One last note though.  I think Steve stole this design from someone and I wanted you to be aware of that.

Compare this, the Tyrant's Tooth:

and the actual Tyrant's Tooth:

Steve might need to pay some royalties to a certain giant theropod. 


  1. Awesome knife, one small criticism however. You say "there are fans of Saabs" in a derogatory manner. Saabs have some very good engineering behind them, and they appeal to engineers and people like that. Being a fan of a Saab is not a bad thing, in fact it is a good thing. They are very well designed and built cars.

    1. The Saab thing is a two tier joke. First it is a joke about ardently loyal fans to a product that has died. Second it is a joke about the Swedish origins of the Stockholm Syndrome.

      On the issue of Saabs, I know that a lot of folks liked Saabs, but I did not. I think the market voted correctly here. They were just too different and difficult to work on. I know that different isn't per se bad, but it did make them more expensive and more difficult to maintain. It was like an entire line of cars based on the same principle behind Whitworth bolts.

    2. Getting my EDMW has undoubtedly blinded me a little. I am telling you this up front because it is important for you to know going in to this review. I have wanted this little folder for ages.
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  2. That blade shape looks alot like the crkt liong mah #5.

  3. Great review, I've been using my EDMW every day for almost a year now (one of the first batches Steve made) I love it! I am a little jealous of your ambidextrous stud though!

  4. Have you handled a Techno? I'd be interested to see how it compares to this knife. Similar specs for about $200 less.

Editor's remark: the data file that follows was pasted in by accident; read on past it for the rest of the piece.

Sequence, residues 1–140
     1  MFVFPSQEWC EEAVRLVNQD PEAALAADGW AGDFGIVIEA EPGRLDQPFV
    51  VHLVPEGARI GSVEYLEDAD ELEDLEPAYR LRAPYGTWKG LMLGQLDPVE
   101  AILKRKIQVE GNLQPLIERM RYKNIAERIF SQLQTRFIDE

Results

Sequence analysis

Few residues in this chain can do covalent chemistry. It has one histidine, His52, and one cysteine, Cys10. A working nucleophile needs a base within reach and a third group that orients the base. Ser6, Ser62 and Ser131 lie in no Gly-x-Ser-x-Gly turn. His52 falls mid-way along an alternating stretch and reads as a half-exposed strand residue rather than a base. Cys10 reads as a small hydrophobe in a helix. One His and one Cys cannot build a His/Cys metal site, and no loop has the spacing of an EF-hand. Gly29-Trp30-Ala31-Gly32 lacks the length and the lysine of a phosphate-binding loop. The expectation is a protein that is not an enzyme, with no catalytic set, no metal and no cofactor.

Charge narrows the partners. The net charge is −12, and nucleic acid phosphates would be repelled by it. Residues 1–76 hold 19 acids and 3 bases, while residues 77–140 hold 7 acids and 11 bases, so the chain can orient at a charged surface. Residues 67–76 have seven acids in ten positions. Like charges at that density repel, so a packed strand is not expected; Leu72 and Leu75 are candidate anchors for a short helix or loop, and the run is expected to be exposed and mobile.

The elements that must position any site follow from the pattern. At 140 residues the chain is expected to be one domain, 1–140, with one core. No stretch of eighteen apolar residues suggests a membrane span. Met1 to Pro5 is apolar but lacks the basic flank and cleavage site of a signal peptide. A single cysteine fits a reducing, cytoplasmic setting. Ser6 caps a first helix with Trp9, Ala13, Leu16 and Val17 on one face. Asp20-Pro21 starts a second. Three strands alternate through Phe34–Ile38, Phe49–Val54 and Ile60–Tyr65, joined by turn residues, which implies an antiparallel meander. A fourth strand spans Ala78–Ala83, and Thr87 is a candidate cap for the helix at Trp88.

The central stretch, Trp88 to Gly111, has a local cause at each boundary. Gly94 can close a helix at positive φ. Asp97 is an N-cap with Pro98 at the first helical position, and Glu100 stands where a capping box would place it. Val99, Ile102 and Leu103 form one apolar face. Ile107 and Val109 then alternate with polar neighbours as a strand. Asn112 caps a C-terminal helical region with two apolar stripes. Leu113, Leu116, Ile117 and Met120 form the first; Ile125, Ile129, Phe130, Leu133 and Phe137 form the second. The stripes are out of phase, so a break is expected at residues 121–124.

1. You know, that thought had occurred to me. I handled an older EDMW over a year ago, so well before the Techno. It would be a very similar knife, though I think the stock here is a little thicker. I would also note that the clip here is better than the loose Spyderco wire clip (the one seen on the Techno and the Caly3, but not the one from the DFII). The Techno is a great knife. I really wanted THIS knife, so no substitutes would work, but you might be perfectly satisfied with the Techno, a lot of folks are.

  5. May I ask if you still have this knife?
    If not, what made you to let it go?

    1. I do not have this knife anymore. I needed money to pay for the Gedraitis that was coming in around the same time. Honestly, if I had to do it all over again, I would have sold something else. I miss this little knife and Steve is not making a lot of stuff right now. Wonderful design. I like the Gedraitis better, but this pretty amazing.

    2. Judging from the pics and the review, it must've been an awesome little EDC knife: small, simple, rugged.
      If I'd ever think about having a custom knife made, it would look very similar to this. Sad to hear you had to let it go.